October 26, 2014

Google Says ‘No More’ To LBC Community Edits

Well, this should make many small business owners very happy. As of Tuesday, all community edits made to unclaimed local business listings will have to be approved by a Google representative before they are sent live. That means no more worrying about a competitor hijacking your listing and stealing your customers. Or, you know, closing your business for you while you’re not watching. Google says they’re taking the step as a way to ensure that any changes to Google Map listings remain high quality.

From the announcement:

We recently made a change to Google Maps to require all community edits to be reviewed before they are shown. In the past, some “pending” edits were shown immediately on Maps and only moderated (and sometimes denied) later on.

We’re taking this step to ensure that changes to Google Maps pass the high quality bar our users expect, while preventing SPAM and other problems from showing up before being reviewed first.

As Matt McGee notes in his own snarky recap of Google’s announcement (which I’d encourage you to read), the community edit feature is something that had concerned many small business owners and industry bloggers. When it was first announced, search expert Danny Sullivan jokingly edited Yahoo’s business listing to show it bought by Microsoft, causing Mike Blumenthal to label Microsoft an escort service. Clearly the two were doing it to make a point (and perhaps liven up an otherwise boring day), but the truth is, it did make unclaimed business listings vulnerable to anyone who wanted to mess with them.

After the announcement that Google was bringing in new staffers, it’s nice to see them take strong steps toward improving the quality of local business listings and, by association, local search results. It’s often felt a little like local search was the forgotten cousin of Web search, so it’s nice to see Google making some needed improvements.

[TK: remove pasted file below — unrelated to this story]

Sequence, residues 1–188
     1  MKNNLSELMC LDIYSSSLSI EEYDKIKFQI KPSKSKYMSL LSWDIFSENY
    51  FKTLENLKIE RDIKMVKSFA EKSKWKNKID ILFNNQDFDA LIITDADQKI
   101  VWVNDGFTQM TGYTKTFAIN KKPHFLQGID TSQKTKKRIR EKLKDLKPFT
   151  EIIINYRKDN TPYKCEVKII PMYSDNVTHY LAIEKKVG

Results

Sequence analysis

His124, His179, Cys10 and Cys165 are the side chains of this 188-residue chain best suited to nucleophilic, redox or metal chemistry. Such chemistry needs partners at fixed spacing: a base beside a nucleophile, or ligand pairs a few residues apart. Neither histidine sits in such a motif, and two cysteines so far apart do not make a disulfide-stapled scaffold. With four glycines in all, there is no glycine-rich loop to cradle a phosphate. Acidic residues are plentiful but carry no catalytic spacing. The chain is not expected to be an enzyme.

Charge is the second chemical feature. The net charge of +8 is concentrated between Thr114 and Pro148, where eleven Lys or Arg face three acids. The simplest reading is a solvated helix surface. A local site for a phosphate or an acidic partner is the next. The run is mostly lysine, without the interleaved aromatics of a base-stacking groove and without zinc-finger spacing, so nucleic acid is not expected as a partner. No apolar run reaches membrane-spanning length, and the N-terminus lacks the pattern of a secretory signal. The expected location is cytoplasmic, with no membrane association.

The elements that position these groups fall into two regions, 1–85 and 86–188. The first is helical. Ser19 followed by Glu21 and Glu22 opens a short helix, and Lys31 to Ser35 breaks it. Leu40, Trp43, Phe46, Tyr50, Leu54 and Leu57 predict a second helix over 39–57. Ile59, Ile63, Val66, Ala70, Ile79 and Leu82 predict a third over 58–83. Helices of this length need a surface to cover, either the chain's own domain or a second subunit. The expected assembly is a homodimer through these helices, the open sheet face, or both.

Of course, the best way to never worry about what someone is writing on your business listing is to claim it so that it’s completely in your control. If you haven’t done that, let’s make today be the day.

Mike Blumental authored a very insightful post detailing his history with Google’s community edit feature that I’d encourage folks to read, as well.

10 Comments ▼

Lisa Barone


Lisa Barone Lisa Barone is Vice President of Strategy at Overit, an Albany Web design and development firm where she serves on the senior staff overseeing the company’s marketing consulting, social media, and content divisions.

10 Reactions

  1. Thank you for sharing that info, Lisa

    Yes, my first question (To myself) was if they have the staff to handle this.

    Good stuff.

    The Franchise King

  2. @Joel They probably just have a bunch of “contractors” doing the approvals, but this is a fix to a very obvious hole in the LBC system. I can’t emphasize this enough, but every SMB should CLAIM YOUR LISTING! Do it now.

  3. Great info, Lisa! I think we’re going to see more “locking down” of business information which I think is a move in the right direction.

  4. Let’s hope this is the beginning of Google paying greater attention to the needs of small businesses.

  5. Thanks for heads up Lisa. Maybe FB should follow Google’s lead in this one and take better care of their SMB customers…

  6. I like this post, Lisa. I think for Google they are learning from Facebook’s privacy mistakes in a round about way. Both companies offer popular web services that require at least an effort of being responsible with the user data being given. Bringing in staff to prevent local search profile hijacking is a good step (Google also made a recent step to allow visitors to manage cookie information with Google Analytics, even though no personal identifiable information is parsed through GA in a cookie).

    For Google these kind of announcements on how it operates is a critical branding move to appear responsible & transparent, especially in the light of Facebook’s privacy image concerns and given Google’s size. Building its own “responsible” image is a secondary concern, but I am sure the thought had to cross somebody’s mind. :-)

    Thank you for bringing this to light, as you always do!

  7. Pierre, you nailed it and said it far more eloquently than I could have! I have no doubt that the timing and intent of this messaging rides strategically by Google on FB’s privacy wake. For sure.

  8. Another reason Google doesn’t work for the small business looking to appeal to people in their zip code!
    Check out MapWide.com for a network of industry specific search engines that give the small business assurance that their business is seen by their local consumers.
    It seems like a really interesting new way of improving your online presence….

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